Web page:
Dirt Rally 2.0 Review – Not For Casuals
What is it? A realistic Rally sim and the official game of the FIA World Rallycross Championship. You spend most of your time barreling through perilous paths against the clock while a navigator shouts directions at you, or racing alongside other cars on mixed-surface tracks.
- PROS: High quality production | Stunning graphics and lighting | Nice Menus | Cars sound fantastic | Daily Challenges
- CONS: Career mode requires online connection | Difficult with no tutorials | No Flashback/Rewinds and only 5 restarts per event | Some cars are very tough to handle
Verdict: A gorgeous, excellent rally sim that’s not for the casual gamer.
Reviewed on: PS4 | Also available on Xbox One, PC
I was so impressed with my first impressions of Dirt Rally 2.0, especially how beautifully made it was – from the menus, to music, graphics and sound. Games this “sim” don’t usually have this much polish packed in. It should be noted that I have not played the previous Dirt Rally (I did review Dirt 4 here though).
My first couple of outings felt really great too, despite the game humbling me very quickly, and forcing me to put my big boy pants on to try and do better. The problem I have is that over time, I found myself having a little less fun as I struggled to get through stages without multiple incidents that just seemed too easy to come way too easily. Without flashbacks (and only 5 restarts allowed per event), that’s a pretty tall order for someone sitting on a couch with a controller (of course more suited to the die-hard rally fan in a wheel setup). The navigations are excellent and clear though, and a nice improvement over Dirt 4.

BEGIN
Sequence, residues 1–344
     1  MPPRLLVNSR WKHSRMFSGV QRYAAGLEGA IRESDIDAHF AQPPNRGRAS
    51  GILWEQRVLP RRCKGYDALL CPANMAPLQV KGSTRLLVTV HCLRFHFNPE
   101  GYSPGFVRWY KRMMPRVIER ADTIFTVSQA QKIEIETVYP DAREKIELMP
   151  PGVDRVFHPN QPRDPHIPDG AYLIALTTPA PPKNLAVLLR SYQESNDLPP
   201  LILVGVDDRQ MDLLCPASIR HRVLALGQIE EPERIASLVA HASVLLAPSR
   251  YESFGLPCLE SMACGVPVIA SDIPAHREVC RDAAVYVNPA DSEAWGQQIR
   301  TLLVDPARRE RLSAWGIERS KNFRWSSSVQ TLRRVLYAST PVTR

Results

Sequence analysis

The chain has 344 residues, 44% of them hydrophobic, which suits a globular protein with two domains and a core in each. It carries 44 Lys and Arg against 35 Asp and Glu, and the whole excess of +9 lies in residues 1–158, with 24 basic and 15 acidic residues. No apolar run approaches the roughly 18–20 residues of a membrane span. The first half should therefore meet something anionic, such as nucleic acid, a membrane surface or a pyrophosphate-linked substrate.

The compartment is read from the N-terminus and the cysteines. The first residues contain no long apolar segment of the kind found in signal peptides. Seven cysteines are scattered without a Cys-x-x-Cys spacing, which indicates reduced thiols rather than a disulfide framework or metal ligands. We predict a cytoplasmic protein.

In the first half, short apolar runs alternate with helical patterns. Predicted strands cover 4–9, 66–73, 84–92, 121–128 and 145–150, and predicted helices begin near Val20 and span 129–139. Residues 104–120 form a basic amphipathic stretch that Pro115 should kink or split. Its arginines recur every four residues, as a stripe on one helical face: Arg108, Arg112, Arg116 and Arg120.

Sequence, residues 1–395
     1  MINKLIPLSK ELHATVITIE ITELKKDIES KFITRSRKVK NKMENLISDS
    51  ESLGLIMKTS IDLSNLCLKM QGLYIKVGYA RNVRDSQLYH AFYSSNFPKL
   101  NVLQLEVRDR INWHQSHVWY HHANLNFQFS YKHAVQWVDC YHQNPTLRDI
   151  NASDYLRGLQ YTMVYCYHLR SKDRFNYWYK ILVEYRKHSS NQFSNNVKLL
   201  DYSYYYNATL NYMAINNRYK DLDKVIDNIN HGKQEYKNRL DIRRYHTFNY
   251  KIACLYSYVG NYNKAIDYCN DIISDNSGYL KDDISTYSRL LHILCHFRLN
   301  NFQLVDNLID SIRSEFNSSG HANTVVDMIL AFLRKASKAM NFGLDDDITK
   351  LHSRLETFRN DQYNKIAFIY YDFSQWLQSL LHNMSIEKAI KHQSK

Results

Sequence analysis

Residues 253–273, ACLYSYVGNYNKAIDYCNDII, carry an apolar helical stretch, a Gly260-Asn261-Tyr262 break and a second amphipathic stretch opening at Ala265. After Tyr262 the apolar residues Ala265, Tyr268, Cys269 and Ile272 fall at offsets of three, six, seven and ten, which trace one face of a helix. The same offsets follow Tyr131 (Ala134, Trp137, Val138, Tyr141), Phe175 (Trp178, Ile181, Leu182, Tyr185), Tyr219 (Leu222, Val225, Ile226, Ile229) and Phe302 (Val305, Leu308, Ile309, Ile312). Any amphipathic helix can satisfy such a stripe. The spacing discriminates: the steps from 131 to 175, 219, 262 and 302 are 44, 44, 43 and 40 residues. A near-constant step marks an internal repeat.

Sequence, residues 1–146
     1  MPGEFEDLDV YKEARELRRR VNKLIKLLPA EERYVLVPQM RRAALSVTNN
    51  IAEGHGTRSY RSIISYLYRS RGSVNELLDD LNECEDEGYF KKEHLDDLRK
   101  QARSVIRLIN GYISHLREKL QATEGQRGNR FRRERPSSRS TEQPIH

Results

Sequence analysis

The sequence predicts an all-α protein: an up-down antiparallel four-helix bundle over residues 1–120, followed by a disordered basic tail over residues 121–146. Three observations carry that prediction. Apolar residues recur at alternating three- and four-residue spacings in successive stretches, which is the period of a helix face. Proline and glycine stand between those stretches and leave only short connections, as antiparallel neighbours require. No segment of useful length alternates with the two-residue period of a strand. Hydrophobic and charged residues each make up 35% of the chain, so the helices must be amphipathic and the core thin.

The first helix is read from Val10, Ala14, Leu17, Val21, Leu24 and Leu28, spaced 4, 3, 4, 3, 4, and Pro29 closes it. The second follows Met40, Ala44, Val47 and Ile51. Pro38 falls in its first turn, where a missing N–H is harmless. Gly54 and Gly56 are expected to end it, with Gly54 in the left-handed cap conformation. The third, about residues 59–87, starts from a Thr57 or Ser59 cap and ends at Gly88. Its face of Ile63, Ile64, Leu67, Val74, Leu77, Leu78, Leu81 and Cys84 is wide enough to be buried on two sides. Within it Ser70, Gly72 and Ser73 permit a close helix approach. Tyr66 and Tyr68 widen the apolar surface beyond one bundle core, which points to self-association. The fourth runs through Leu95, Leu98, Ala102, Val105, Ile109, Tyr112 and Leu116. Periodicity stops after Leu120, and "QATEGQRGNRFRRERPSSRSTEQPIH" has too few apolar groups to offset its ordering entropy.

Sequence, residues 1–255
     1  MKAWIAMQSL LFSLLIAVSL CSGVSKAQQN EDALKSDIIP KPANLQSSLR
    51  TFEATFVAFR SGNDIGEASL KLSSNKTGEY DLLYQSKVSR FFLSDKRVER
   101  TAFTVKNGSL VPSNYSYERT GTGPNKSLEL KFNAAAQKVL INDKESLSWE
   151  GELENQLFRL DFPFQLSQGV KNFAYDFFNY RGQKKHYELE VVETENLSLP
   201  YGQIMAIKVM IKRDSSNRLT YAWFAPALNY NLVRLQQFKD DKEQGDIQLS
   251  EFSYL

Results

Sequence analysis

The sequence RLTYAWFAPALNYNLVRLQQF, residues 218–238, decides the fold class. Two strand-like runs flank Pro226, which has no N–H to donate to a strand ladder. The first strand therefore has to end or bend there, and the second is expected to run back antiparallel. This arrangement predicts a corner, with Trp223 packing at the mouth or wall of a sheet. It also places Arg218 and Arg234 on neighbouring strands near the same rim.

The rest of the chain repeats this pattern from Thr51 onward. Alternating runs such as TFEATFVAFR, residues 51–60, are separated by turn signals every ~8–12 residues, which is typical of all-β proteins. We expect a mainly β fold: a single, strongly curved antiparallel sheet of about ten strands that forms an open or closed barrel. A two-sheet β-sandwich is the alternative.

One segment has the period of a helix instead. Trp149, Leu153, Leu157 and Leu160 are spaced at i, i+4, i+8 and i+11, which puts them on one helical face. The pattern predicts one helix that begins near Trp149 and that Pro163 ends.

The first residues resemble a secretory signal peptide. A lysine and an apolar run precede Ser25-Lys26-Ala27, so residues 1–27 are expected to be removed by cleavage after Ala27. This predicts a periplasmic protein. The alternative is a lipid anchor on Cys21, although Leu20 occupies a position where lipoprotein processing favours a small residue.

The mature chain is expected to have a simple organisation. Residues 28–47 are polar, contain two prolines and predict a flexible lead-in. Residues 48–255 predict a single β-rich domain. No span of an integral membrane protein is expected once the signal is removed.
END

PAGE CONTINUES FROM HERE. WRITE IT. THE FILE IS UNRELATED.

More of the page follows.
It’s supposed to be a sim, but assists didn’t help much and it feels like some extra features could have been added to make it a little more manageable for mid-to-casual fans. Upon doing some research, I found that a fair amount of Dirt Rally fans said they’re rather going back to the first game for now, in the hopes that some changes would be patched in to make it a bit more manageable.
Instead of procedurally generated tracks like Dirt 4 had, this goes back to properly crafted courses (and Rallycross tracks look solid too), and while they might get repetitive a bit fast, I prefer the amount of detail and polish that can be found in each one of them. While I fully respect Dirt Rally 2.0’s dedication to hardcore fans, I just don’t see any good reason why they couldn’t have made certain aspects of it optional to appeal to more casual gamers as well.